Small Screens: ‘Batman’ Returns!

 

Once upon a time you could safely rely on being able to find a couple things somewhere on TV, if you just flipped around long enough: The Three Stooges and the old Batman series. Running in seemingly near-constant syndication long after its too-brief run (120 episodes over 3 seasons from 1966–68), its Pop Art-mad cheeky humor was the way that most people growing up in the 1970s was introduced to the Caped Crusader. Once Frank Miller and Tim Burton started going all gothic on Bruce Wayne in the ’80s, it was always characterized as a reaction to the camp factor of an Adam West Batman and villains like Liberace, Tallulah Bankhead, and Milton Berle.

But the show has been increasingly hard to find outside of YouTube and black-market dubs, due to a long-running rights dispute. That may soon be over, as it was reported yesterday that the entire run of the series will be released in a box set of DVDs and Blu-ray sometime later this year. The news was broken by … Conan O’Brien. Big fan?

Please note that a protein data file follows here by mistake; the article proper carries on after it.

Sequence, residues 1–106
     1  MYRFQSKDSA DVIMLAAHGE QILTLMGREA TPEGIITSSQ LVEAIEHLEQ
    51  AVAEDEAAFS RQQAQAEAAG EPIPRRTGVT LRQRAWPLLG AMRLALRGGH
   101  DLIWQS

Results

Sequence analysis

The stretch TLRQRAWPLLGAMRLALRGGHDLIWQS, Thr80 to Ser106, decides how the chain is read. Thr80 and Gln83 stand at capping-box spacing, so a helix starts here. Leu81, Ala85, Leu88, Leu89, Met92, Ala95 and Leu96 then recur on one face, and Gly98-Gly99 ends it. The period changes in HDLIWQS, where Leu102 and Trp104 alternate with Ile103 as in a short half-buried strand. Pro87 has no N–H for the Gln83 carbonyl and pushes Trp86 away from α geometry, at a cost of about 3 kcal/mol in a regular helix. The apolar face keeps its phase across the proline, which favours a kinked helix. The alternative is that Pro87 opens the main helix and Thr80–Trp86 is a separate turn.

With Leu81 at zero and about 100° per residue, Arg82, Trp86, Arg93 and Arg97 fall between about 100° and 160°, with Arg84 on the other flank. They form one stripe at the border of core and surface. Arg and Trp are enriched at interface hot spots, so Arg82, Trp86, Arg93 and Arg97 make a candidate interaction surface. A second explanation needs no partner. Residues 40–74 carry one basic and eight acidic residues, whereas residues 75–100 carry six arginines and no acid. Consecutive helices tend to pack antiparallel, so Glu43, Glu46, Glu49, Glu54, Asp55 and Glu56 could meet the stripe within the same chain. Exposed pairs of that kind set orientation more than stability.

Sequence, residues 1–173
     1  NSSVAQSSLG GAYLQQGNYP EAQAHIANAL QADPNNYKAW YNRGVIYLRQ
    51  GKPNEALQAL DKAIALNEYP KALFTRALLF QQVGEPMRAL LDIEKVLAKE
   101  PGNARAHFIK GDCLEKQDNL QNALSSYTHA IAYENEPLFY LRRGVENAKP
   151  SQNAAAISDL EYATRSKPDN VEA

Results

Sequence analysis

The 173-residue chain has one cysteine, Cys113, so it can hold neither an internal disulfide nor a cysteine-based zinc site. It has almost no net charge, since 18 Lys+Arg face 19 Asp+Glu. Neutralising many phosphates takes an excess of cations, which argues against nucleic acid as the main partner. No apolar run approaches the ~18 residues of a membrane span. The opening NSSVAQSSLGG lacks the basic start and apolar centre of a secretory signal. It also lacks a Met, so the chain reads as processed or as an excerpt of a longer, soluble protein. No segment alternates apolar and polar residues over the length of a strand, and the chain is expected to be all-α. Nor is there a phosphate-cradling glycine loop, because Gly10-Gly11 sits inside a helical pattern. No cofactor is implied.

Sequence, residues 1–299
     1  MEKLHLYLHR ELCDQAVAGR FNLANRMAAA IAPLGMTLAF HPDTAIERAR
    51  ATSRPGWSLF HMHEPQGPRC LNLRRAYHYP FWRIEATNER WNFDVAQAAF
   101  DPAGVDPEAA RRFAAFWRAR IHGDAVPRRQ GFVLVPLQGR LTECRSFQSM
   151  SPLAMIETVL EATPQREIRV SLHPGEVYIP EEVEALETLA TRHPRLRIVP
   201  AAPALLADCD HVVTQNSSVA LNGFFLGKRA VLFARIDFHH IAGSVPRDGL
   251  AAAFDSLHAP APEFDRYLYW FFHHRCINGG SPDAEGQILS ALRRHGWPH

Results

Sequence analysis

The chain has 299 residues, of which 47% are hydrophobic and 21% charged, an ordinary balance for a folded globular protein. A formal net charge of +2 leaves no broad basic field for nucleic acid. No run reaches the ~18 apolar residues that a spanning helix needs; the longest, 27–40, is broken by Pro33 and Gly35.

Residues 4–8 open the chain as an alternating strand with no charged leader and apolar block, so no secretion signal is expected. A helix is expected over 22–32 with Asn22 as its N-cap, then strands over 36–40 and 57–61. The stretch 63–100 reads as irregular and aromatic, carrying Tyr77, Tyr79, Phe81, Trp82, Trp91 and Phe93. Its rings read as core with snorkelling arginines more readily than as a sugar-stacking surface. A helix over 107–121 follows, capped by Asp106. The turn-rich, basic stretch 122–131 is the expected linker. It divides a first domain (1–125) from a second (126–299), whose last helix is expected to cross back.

New on DVD: ‘Before Midnight’

Julie Delpy and Ethan Hawke, still romancing each other in 'Before Midnight'
Julie Delpy and Ethan Hawke, still romancing each other in ‘Before Midnight’

beforemidnightdvd1In 1995, Richard Linklater impressed with Before Sunrise, a sharp, talky piece about Jesse (Ethan Hawke), a traveling American who meets Celine (Julie Delpy), a beguiling young French woman, on a train. Nine  years later, in Before Sunset, the two meet again, nine years older. Both films were redolent with romantic longing and possibility. Now in Before Midnight, the two are married, and it doesn’t seem like mere love is going to cut it anymore.

Before Midnight is available today on DVD and Blu-ray. My review is at Film Racket; here’s part of it: